Microsoft and TikTok Are an Odd Pairing That Might Just Benefit Both Companies

The computing company could become a more formidable player in advertising

A Microsoft-owned TikTok could be a force to be reckoned with. Photo Illustration: Trent Joaquin; Source: TikTok, Microsoft
Headshot of Scott Nover

There is no obvious new owner for TikTok, a video sharing app that captured the attention of the nation—most recently, President Donald Trump—during the Covid-19 pandemic.

TikTok is a formidable player. It’s trendy, musical, funny, great fodder for memes and unabashedly creative. It relies on advertising, but ads seem secondary to original content on the app, aside from an ad upon first-open. Its biggest brag is having a powerful algorithm that knows what delights users.

There’s a chance the handful of companies—which includes Oracle, Twitter and Microsoft—can save TikTok and shield the app from further scrutiny. And maybe TikTok can even make those companies cooler.

Twitter and Oracle are reportedly intrigued by the company, though neither has confirmed their intent to buy. Microsoft, meanwhile, has said it is interested in purchasing TikTok in the U.S., Canada, Australia and New Zealand.

Microsoft emerged as the likely new owner after President Trump announced executive orders that put pressure on ByteDance, TikTok’s parent company, to divest from its U.S. holdings and sell the company by Sept. 20. Trump has also heightened the speculation surrounding Microsoft’s pending new ownership when he gave the company his blessing after talking to CEO Satya Nadella.

Microsoft isn’t an obvious match for TikTok at first glance, though it has experience integrating high-profile consumer acquisitions, including Skype for $8.5 billion in 2011, LinkedIn for $26.2 billion in 2016 and Minecraft for $2.5 billion in 2016. In recent years, the company has moved more toward cloud and business enterprise software, capitalizing on its dominance with the Windows operating system and its Office suite.

Both Microsoft and TikTok declined to comment for this story.

When Debra Aho Williamson, eMarketer’s principal analyst for social media and marketing, first heard murmurs of Microsoft acquiring TikTok, she was taken aback. “My reaction was … Microsoft?” she said. “Why, how, when and where could Microsoft and TikTok be a match?”

After thinking more on it, Williamson still doesn’t see the “synergy” between the two companies, but admits it is an “opportunity for both sides to make the best of what has quickly become a crazy and unpredictable scenario.”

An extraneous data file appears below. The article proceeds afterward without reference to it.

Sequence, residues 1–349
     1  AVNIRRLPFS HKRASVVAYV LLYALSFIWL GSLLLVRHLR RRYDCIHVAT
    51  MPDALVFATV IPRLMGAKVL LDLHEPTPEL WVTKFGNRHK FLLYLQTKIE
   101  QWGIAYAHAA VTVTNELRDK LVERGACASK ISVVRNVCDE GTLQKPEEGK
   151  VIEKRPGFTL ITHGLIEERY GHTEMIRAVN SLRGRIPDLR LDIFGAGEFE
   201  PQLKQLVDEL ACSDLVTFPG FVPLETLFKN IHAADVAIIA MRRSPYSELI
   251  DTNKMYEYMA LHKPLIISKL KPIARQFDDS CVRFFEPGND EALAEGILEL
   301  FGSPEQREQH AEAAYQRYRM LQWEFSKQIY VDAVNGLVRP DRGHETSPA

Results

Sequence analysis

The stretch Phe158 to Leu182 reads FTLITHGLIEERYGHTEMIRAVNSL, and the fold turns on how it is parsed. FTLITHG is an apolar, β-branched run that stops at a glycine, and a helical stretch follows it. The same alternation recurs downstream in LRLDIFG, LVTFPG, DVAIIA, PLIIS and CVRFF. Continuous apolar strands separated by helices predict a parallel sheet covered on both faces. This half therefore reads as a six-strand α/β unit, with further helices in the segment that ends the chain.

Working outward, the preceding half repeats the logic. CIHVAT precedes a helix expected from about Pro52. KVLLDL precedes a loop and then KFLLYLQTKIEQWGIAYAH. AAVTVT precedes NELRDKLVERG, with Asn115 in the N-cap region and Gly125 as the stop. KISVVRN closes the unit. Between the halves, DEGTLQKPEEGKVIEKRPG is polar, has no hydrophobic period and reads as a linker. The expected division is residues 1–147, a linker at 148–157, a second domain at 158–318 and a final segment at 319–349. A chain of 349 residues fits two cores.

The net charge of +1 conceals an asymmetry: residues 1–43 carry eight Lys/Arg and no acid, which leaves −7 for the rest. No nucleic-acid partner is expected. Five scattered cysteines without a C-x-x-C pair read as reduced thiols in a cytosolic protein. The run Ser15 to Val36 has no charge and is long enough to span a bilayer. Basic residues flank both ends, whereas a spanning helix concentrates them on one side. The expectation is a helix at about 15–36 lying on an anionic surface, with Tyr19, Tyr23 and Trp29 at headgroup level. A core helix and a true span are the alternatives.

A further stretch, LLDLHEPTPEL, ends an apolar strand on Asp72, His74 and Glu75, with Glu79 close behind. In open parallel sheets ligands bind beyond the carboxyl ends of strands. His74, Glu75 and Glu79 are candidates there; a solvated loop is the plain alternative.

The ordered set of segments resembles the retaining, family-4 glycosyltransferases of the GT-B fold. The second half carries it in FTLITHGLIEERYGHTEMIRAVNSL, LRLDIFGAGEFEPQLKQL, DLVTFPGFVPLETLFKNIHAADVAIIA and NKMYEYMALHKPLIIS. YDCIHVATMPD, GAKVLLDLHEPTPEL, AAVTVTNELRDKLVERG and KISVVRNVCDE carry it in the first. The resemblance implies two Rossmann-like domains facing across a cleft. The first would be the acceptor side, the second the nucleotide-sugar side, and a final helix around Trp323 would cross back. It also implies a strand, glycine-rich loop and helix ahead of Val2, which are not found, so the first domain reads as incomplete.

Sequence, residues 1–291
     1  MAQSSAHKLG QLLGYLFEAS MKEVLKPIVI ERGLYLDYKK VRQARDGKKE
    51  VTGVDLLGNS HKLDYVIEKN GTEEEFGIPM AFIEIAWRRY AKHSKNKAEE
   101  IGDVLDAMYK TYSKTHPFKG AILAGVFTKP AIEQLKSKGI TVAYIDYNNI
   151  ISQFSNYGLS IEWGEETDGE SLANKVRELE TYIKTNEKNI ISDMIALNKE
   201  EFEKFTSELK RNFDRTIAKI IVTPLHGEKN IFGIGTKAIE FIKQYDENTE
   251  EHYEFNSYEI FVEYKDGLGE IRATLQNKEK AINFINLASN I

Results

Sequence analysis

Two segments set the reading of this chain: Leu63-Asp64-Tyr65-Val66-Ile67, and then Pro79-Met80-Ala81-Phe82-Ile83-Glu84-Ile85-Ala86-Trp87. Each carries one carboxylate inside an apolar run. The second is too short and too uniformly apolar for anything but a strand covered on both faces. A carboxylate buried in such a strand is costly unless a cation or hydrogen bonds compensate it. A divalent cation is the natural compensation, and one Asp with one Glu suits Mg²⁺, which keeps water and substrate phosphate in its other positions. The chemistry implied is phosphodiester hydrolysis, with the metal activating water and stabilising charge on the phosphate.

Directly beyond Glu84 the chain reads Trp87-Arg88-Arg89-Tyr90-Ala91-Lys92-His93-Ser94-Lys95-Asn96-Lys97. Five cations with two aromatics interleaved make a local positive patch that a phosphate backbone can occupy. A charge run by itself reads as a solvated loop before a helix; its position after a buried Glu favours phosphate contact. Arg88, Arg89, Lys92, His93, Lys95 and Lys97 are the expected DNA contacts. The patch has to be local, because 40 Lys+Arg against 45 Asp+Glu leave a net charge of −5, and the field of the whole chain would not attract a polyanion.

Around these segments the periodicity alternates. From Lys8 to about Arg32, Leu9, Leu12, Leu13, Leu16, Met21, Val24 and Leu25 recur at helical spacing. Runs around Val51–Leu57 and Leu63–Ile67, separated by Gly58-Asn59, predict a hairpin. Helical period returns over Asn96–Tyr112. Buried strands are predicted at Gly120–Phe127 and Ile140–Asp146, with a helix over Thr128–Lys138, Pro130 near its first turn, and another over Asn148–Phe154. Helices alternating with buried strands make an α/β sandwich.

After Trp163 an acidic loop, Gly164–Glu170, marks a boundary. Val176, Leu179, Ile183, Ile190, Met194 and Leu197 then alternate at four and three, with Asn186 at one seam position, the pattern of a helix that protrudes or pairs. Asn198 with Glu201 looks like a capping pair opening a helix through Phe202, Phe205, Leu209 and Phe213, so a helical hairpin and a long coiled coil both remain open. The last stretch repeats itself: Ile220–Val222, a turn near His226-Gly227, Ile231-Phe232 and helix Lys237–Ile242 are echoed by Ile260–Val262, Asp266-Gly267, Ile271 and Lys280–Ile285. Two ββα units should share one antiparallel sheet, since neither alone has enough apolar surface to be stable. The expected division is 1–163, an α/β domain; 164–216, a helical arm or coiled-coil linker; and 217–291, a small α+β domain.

On the consumer side, Microsoft has tried and failed with new product launches, such as its iPod competitor Zune and mobile operating system Windows Phone. Microsoft also had its own social media flop once upon a time, shuttering So.cl after an unsuccessful five-year run. 

The deal “makes a ton of sense” to Jed Meyer, managing director for North America at Ebiquity. He believes it will give TikTok the financial backing to keep innovating while showing regulators some commitment to better security.

“To me there are four winners in this: consumers, brands, government … and it’s a win for the competitive marketplace as well,” he said. The deal could give brands “comfort” in conducting business with TikTok that might otherwise be searching for alternatives, like Facebook’s new Instagram Reels. 

New advertising opportunities

Microsoft’s advertising business pales in comparison to Google, Facebook and Amazon, but many companies have advertised with Microsoft through properties such as Bing and LinkedIn.

The two would combine at a formidable scale. Microsoft sites had 222 million U.S. users in June 2020 while TikTok had 68 million U.S. users as of June, according to Comscore.

Acquiring TikTok could improve Microsoft’s market share in digital advertising, Williamson said. The company is already projected to grow in this space without the acquisition, according to eMarketer, and is expected to hold 1.5% of the digital display ad market, “slightly ahead of Snapchat but well behind Facebook’s 42.0% and Google’s 10.4%.”


@ScottNover scott.nover@adweek.com Scott Nover is a platforms reporter at Adweek, covering social media companies and their influence.
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